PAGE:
Some Hamiltonians may be receiving a little extra money with the basic income pilot’s first run underway.
The pilot program was introduced in April 2017 and is currently being held in Hamilton, Lindsay and Thunder Bay. Eligible individuals could receive $17,000 a year. Those in couples may receive up to $24,000 a year.
The program is set to last three years so that the government may study its effects before deciding to implement it province-wide. The effects will be studied by a third-party team of researchers, which includes McMaster experts and academics.
Basic income is a form of social security where the government offers a small sum of money to all those eligible once a month in order to ensure families are able to afford basic necessities. If implemented throughout the city, all those eligible will receive a cheque, which the government feels is simpler than the current social assistance programs where individuals must apply.
The program hopes to alleviate major stressors that affect vulnerable workers, improve health and education for those living on low incomes. The program will be measured in terms of improvements in fields such as, but not limited to, food security, housing stability, education and training, employment and healthcare.
The history of basic income is one fraught with successes and failures. When first introduced in the United States in the 1960s, it came under fire from a multitude of groups whose criticisms ranged from lowering workers’ morale to distracting focus away from improving infrastructure. The results of the first pilot program in the United States during the Nixon administration found its results to be inconclusive.
Meanwhile in Canada, the Manitoba National Democratic Party, in conjunction with the incumbent Liberal government, launched a pilot program, which had successes in Winnipeg and Dauphin from 1974 to 1979. Critics still held reservations, though, and the program was abandoned.
One of the main critiques of basic income stems from its shift in focus from austerity measures that would shift wealth within the country. On the other side, other critics argue that basic income would reduce the drive for people to work.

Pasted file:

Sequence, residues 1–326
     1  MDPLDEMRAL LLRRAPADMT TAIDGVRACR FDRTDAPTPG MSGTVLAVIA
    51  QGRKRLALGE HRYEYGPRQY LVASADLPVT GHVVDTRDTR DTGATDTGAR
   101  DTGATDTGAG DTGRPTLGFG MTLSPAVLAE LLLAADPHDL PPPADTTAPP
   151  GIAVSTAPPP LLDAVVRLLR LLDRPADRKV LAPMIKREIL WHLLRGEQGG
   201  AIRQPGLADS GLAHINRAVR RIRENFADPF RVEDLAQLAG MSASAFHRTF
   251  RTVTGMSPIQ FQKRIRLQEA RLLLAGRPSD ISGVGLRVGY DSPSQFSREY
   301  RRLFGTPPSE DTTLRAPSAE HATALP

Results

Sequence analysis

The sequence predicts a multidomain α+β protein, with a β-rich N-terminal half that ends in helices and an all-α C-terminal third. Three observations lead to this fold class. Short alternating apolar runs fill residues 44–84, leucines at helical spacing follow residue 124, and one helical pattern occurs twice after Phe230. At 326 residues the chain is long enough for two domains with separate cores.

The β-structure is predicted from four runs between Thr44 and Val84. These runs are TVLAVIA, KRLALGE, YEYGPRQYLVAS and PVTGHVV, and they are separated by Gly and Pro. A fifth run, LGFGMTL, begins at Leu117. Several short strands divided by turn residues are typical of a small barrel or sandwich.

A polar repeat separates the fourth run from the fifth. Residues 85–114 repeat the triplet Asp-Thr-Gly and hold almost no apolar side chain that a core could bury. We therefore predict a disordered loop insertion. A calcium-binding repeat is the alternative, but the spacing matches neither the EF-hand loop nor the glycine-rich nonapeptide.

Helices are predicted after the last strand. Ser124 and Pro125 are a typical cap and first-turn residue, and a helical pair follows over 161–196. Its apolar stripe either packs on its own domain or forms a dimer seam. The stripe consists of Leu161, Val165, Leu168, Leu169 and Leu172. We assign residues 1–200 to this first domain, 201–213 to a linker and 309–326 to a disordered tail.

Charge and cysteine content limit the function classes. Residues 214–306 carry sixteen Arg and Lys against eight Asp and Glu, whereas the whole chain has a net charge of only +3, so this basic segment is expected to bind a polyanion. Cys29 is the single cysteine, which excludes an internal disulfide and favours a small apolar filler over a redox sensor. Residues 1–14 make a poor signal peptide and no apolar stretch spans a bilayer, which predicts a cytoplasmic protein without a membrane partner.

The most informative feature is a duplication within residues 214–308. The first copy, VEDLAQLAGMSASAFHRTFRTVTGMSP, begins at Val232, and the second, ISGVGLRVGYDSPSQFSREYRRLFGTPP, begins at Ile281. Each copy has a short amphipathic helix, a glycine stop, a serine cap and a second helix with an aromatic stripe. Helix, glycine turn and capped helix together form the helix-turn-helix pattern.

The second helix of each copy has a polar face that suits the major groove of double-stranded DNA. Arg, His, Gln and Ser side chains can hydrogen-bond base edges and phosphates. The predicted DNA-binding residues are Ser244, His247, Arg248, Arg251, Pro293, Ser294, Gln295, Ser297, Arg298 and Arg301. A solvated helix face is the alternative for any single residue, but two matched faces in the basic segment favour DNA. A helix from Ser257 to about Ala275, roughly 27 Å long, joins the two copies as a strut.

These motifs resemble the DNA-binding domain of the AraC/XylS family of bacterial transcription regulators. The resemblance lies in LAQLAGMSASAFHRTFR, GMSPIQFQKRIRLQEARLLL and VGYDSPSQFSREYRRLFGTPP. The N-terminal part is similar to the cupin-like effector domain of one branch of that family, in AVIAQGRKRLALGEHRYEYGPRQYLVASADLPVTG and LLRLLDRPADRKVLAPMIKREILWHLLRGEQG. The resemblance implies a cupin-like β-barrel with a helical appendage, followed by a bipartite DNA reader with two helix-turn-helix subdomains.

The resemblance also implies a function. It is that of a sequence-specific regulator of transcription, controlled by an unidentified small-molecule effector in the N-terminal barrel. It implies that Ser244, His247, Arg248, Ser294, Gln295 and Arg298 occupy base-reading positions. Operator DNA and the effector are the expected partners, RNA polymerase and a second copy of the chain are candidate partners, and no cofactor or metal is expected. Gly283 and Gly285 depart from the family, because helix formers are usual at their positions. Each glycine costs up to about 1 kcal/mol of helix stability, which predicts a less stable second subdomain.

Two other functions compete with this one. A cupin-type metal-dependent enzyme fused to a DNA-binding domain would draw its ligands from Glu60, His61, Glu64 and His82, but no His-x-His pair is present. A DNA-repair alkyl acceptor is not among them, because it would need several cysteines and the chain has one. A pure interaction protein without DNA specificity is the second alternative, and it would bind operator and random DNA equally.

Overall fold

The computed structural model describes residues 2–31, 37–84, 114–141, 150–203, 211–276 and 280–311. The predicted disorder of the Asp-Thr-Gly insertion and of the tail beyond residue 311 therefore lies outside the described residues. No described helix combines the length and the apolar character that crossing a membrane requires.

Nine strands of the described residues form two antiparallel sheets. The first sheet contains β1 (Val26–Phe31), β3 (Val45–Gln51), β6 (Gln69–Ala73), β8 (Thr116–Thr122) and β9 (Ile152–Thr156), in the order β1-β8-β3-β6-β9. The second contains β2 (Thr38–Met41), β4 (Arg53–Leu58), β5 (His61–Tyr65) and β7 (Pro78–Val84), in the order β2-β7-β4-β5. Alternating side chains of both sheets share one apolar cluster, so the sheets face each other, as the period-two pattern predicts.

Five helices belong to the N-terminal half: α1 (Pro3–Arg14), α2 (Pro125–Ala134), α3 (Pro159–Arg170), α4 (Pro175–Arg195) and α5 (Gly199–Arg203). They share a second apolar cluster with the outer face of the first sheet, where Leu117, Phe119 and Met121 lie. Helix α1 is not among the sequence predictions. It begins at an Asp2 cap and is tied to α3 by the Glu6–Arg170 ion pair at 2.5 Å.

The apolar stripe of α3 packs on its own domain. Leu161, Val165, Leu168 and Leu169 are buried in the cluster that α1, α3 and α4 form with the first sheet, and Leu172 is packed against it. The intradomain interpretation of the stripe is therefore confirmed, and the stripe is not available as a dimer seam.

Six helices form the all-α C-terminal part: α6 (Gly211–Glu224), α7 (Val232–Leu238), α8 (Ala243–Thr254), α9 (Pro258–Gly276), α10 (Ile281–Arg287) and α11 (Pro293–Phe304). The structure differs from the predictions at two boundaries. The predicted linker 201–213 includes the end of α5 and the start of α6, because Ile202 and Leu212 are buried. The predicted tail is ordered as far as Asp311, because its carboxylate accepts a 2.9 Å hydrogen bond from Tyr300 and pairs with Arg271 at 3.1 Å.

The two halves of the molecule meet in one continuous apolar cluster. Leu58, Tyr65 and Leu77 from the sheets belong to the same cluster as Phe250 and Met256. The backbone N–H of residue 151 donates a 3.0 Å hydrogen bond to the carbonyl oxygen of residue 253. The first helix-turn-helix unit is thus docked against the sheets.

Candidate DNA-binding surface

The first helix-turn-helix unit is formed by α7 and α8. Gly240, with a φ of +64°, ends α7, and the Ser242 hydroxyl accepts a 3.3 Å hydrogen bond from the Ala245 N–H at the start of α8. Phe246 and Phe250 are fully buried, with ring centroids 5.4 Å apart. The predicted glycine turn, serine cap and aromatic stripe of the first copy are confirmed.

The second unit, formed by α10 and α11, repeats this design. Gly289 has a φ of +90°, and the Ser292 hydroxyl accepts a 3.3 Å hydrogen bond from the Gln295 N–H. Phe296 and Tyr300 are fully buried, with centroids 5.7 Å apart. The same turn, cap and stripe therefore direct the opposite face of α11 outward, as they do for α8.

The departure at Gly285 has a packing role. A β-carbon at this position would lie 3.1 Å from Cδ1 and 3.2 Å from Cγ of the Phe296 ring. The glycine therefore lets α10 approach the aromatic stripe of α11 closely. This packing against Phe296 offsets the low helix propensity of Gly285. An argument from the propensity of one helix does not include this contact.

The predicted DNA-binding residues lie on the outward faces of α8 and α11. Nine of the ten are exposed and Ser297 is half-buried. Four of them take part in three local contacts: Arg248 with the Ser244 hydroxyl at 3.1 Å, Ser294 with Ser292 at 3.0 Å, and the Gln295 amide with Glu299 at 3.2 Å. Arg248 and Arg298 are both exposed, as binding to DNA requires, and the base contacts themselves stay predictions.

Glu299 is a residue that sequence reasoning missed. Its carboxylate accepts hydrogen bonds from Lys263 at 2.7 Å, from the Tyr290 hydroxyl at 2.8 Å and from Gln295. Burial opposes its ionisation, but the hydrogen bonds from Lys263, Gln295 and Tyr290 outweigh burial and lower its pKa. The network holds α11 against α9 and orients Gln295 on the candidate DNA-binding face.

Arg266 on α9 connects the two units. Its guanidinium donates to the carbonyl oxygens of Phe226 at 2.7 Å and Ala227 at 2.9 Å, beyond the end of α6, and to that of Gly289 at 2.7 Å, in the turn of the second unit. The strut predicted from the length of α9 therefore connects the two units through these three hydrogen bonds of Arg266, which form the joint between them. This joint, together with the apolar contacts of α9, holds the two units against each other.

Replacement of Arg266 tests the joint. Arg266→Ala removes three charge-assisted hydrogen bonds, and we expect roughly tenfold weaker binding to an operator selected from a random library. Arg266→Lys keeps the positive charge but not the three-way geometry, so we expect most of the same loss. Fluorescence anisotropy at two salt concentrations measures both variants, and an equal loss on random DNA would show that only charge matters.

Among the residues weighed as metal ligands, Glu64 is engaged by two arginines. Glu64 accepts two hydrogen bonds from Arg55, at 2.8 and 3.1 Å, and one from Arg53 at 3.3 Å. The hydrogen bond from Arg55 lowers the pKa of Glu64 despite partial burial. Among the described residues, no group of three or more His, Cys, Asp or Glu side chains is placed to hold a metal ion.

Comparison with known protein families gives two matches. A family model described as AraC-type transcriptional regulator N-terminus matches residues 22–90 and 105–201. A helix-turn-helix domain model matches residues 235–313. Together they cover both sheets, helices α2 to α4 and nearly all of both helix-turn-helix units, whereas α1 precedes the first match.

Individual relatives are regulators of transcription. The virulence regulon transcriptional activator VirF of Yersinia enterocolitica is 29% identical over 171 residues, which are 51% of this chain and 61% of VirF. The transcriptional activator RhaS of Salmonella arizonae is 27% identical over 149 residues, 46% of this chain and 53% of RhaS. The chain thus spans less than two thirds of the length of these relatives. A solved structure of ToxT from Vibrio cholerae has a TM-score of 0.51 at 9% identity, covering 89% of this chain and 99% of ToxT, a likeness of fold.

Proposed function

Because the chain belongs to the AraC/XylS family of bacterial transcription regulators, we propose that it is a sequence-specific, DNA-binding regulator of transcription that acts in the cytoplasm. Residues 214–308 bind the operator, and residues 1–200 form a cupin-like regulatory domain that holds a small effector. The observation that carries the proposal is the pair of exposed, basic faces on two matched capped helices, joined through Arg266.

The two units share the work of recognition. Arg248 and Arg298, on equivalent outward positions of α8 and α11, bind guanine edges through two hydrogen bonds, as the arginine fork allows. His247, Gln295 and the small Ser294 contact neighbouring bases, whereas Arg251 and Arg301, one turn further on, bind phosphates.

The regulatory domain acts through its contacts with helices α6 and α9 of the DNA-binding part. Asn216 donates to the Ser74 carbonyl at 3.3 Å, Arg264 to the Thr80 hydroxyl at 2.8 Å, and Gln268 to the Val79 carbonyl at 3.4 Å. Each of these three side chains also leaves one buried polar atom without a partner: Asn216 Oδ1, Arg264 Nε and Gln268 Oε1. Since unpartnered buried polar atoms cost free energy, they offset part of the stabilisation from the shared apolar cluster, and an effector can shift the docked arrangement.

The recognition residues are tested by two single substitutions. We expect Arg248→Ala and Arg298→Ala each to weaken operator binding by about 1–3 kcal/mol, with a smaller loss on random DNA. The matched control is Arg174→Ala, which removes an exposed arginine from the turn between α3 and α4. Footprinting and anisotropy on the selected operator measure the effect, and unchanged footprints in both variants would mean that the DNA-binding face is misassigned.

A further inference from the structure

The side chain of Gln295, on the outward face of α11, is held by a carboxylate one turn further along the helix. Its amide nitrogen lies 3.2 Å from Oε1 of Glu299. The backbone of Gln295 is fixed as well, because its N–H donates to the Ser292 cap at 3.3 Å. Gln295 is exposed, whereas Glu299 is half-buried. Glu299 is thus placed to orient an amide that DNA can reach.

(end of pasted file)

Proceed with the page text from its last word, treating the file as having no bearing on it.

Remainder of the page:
The program hopes to alleviate major stressors that affect vulnerable workers, improve health and education for those living on low incomes.
The Canadian Centre for Policy Alternatives is largely in favour of the program, arguing it will assuage the burden placed on those living on lower incomes, especially with respect to healthcare.
“Of these social determinants of health, the most influential is income. Income is often referred to as the ‘determinant of the determinants’ because it influences access to other essentials for good health, such as where people can afford to live and how far they can go in school,” argued physicians Ryan Meili and Danielle Martin in an essay for the CCPA’s report on basic income.
In addition, the same report found argued that a basic income would improve the livelihoods of seasonal workers, who largely make up the rural workers in Canada.
“Overall, a basic income promises to help us come to terms with our economy and job market as they actually exist — not as they exist in the imaginations of orthodox and neoliberal economists — seasonal fluctuations and all,” argued Karen Foster, a sociology professor at Trent University, in the same report.
Meanwhile, the Northern Policy Institute argues that the policy, while effective in alleviating some stressors, will not sufficiently pull people out of poverty, which is the main goal of the basic income program.
“Consequently, it makes no sense to eliminate other social programs that have more specific goals, such as healthcare, job training, subsidized daycare and so on. Employment Insurance and the Canada Pension Plan are self-financed and serve very specific purposes in the economy — insuring against short-term job loss, and saving for retirement,” read the report.
As the program rolls out, only time will tell whether or not basic income can solve all the problems that it hopes to.